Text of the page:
b(9) Pond (SP 787795), in the S.E. of the parish, on clay at 137 m. above OD. A large rectangular pond, covering about 1 hectare, has a massive dam, 50 m. long, on its N.E. side. Though not shown on either of the two 19th-century maps of the parish (NRO) it is likely to be of medieval date. Its purpose is unknown. The area is called Podsholm on the 19th-century map (RAF VAP F21 82/RAF/865, 0421–3).
(10) Cultivation Remains. The date of enclosure of the common fields of Harrington is unknown. Field names on an undated 19th-century map of the parish (NRO) suggest that there may have been Hall, Mill, Church and New Fields, but this is not certain. Ridge-and-furrow of these fields exists on the ground or can be traced from air photographs over much of the parish, arranged mainly in end-on furlongs. It is particularly well preserved on the valley sides N. of the village around the fishponds (6) in an area called The Park on the 19th-century map. Here there are large areas of ridge-and-furrow lying at right-angles to the contours and cut into and across by a series of complex drainage channels of uncertain date (Fig. 75 and Plate 9).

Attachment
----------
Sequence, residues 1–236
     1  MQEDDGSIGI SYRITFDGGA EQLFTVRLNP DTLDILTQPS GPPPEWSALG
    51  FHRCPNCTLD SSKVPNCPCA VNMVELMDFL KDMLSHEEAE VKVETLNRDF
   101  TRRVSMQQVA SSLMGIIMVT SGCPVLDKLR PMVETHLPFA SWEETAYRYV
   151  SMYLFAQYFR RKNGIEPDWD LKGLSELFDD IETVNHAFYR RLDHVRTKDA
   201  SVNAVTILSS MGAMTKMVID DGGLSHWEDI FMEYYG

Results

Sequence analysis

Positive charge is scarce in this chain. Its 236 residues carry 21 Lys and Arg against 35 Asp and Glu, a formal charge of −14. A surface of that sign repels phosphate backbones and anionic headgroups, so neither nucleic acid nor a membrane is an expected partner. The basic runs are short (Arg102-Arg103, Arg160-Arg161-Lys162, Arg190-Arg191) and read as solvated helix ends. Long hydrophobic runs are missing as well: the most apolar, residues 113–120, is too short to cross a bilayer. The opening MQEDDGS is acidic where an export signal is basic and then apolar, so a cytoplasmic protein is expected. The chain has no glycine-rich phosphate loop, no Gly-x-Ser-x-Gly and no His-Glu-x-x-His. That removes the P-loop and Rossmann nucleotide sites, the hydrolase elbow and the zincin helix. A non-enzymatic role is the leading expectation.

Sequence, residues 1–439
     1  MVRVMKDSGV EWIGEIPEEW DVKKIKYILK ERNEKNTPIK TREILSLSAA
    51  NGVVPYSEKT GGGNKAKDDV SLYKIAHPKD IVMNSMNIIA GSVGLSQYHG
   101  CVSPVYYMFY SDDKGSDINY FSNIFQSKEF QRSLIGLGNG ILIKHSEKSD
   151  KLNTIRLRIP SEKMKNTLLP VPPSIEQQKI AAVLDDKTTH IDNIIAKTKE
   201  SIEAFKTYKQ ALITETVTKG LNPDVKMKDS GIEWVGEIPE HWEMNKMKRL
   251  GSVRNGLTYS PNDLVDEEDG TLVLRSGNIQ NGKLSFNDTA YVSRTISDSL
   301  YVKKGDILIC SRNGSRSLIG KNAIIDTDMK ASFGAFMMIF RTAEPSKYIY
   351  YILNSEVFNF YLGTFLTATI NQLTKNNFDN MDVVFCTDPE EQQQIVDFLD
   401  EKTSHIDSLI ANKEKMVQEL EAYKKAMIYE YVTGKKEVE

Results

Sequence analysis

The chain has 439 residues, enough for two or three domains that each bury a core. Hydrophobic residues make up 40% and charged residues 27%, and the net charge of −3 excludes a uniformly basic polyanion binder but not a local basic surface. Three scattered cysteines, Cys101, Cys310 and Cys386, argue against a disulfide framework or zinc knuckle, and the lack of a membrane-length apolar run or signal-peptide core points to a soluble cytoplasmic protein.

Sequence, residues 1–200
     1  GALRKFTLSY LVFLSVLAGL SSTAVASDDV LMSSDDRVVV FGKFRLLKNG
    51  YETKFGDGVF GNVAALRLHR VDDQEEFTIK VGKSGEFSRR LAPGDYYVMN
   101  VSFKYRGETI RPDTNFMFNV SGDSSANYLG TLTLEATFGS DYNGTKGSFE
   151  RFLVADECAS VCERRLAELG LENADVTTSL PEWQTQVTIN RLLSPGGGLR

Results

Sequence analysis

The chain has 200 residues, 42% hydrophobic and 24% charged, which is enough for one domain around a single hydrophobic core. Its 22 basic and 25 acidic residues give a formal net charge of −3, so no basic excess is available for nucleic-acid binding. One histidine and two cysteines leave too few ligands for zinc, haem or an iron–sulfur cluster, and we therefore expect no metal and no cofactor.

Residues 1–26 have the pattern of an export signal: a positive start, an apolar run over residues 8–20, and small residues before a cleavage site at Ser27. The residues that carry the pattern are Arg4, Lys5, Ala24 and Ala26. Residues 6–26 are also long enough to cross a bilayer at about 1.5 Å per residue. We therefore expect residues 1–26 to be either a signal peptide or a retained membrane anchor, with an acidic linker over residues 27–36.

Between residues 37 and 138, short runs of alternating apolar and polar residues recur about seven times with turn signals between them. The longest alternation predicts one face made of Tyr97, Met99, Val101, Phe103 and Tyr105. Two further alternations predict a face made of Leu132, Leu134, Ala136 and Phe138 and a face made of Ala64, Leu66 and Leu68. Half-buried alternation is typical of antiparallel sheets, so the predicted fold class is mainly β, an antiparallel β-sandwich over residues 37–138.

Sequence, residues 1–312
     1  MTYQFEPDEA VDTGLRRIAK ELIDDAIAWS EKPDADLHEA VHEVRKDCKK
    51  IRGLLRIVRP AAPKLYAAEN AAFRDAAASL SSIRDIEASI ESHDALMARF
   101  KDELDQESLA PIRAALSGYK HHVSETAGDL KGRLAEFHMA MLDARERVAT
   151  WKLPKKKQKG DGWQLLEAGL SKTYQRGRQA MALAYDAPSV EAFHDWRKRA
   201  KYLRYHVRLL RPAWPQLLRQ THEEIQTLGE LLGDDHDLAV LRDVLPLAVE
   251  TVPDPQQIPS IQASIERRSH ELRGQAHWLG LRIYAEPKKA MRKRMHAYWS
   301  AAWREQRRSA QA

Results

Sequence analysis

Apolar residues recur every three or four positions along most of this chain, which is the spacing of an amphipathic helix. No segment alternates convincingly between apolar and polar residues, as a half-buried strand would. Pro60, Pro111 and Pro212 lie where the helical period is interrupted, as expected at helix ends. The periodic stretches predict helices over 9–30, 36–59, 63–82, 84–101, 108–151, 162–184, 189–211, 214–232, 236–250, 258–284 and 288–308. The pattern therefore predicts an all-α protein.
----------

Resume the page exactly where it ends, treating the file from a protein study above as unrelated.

The date of the enclosure of the common fields of the deserted village of Newbottle (4) is also unknown, though it had presumably taken place by the 16th century. Ridge-and-furrow of these fields can be traced on air photographs over large areas of the assumed land of Newbottle (Fig. 73).
Ridge-and-furrow can also be traced in the E. of the parish within the part of it which probably belonged to the deserted village of Thorpe Underwood now in Harrington parish. Much of it has been destroyed by ironstone-mining, but what remains is in large rectangular blocks of markedly reversed-S form. The common fields of Thorpe Underwood had probably been enclosed by the 16th century (RAF VAP 541/602, 3194–3200, 4182–6, 4193–4200; F21 82/RAF/865, 0420–5; F22 82/RAF/865, 0311–4; F22 540/RAF/1313, 0144–8).